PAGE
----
Following on from our blog, ‘how to make your favourite meals healthier’, which talks about taking any meal and making it healthier just by adding extra nutrition, we wanted to give you a few more ways to buff up the healthiness of your meals. From preparing the food to actually eating it, there are a few things you can do to make it that bit better for you. So here goes…
- Always wash your fruit and veg to release some of the pesticide residue
- Trim fatty edges off meat and bacon, and go for loin cuts of meat that are usually less fat
- Keep skins on fruit and vegetables where possible
- Instead of buying pre-cut vegetables, get the chopping board out! Preparation burns calories and help works up a proper hunger for the meal rather than just opening a pack and throwing in.
- Cut the veggies into bigger chunks rather than tiny pieces though as it gives you more chewing to do. The more you chew, the easier you can digest the food and the fuller you will feel.
- Try not to overcook pasta because the longer it is cooked for, the higher GI it has. This means it releases more glucose into the bloodstream and gives a bigger insulin release than pasta that has not been cooked as long. Not great for those trying to be healthier or lose excess weight.
- The healthiest way to cook potatoes is boiling (not over boiling) and with the skins left on.
- Add in herbs and spices at any opportunity for extra nutrition
- If you are sautéing or stir frying, use good-for-you oils such as coconut oil, olive oil (not extra virgin) and nut oils etc
- Steam wherever possible – If you don’t have a steamer, simply fill a pan with around an inch of water (half inch if the pan is not deep) and place a colander or sieve inside making sure it won’t touching the water when it boils. (tip some out if necessary). One your veggies are in the colander, don’t shove too many in at once or they won’t cook, bring the water to the boil, put a lid over your pan and turn the water down to a simmer. That’s it, leave them there to steam and keep checking to see how they are doing (careful when lifting the lid, the steam will be intensely hot). Cooking times will vary for each veg and to your preference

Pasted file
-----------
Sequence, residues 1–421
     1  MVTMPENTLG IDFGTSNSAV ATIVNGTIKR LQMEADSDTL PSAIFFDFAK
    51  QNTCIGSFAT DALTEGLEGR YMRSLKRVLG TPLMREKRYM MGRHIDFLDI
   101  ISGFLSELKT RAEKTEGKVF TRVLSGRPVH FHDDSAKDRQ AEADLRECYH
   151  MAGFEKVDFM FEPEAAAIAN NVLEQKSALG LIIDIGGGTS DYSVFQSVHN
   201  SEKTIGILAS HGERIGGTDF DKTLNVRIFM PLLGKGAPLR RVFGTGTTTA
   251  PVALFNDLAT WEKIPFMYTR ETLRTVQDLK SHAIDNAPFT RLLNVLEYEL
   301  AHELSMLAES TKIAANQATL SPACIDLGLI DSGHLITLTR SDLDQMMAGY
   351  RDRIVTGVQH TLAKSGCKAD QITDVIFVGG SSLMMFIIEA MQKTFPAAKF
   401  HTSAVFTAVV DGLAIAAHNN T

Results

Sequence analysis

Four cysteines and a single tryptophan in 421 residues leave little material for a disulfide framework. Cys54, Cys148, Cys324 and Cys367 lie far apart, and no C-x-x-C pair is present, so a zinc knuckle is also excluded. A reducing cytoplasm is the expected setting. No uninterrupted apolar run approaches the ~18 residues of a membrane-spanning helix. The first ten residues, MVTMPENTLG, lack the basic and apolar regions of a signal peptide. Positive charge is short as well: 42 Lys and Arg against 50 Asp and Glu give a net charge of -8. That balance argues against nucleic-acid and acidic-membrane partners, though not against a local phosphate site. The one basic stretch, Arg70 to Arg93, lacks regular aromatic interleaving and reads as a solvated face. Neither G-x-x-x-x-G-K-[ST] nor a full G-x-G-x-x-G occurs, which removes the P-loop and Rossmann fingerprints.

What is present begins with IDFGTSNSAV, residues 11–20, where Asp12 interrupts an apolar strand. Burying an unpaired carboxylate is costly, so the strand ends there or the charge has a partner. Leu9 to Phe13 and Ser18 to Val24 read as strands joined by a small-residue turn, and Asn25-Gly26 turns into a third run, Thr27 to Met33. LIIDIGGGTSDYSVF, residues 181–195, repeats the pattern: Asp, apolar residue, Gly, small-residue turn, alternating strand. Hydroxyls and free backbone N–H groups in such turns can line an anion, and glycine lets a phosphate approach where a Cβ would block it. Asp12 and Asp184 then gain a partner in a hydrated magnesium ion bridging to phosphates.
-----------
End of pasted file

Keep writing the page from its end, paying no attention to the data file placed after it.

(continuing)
- If you do boil vegetables, use the water as the base for a healthier homemade stock or gravy
- Grill or bbq meat where you can rather than fry (lean grill machines are also great)
- Sometimes it’s better not cooked at all, add some raw snacks and meals into your when you can, or at least just lightly cook some of your vegetables so they remain crunchy rather than soggy
- Pressure cookers are great for busy people that want to eat healthy. You can throw a bunch of ingredients in there in the morning and when you return home, dinner is waiting. Plus it’s a very healthy way to cook using minimum water so the nutrients remain in tact as much as possible
- Stir fries are quick, tasty and fab. They are also an opportunity for more omega 3’s if you cook in healthy oils and you can easily have variety of veg, sprouts, beans and other good stuff in one meal. Remember not to over-fry to keep the vegetables nice and crunchy with the nutrients in tact.
- Always strain the fatty juices from mince meat
- Dish up on smaller plates to avoid over portioning
- If you use seasonings like salt, try pink Himalayan for extra nutritional benefits and superb taste. Dried seaweed (available from many Aldi supermarkets now) is also a good alternative to salt with some excellent health benefits.
- Spoon off any fat residue from the top of stews and broths before serving
- Make your own home made dressings for salad with a glug of extra virgin, a splash of your favourite seasonings likes salt, pepper, garlic and a splash of lemon juice
- Avoid eating poultry skins (yes I know all the tasty things seem to be on the outside of chicken wings and legs and they are fine every now and again, but if you eat this type of meat regularly, your body will thank you for not eating the skin every time.
- Drink water with meals instead of sugary pops and juices. Not only is it zero calories and great for you, it also helps all the nutrients in your food to do their jobs properly. For instance, fibre needs water to work properly.
So there we have it, our tops tips for making meals that little bit better for you. Have any to add to the lists? Feel free to share in the comments below! You can find lots of other useful tips on our Facebook page.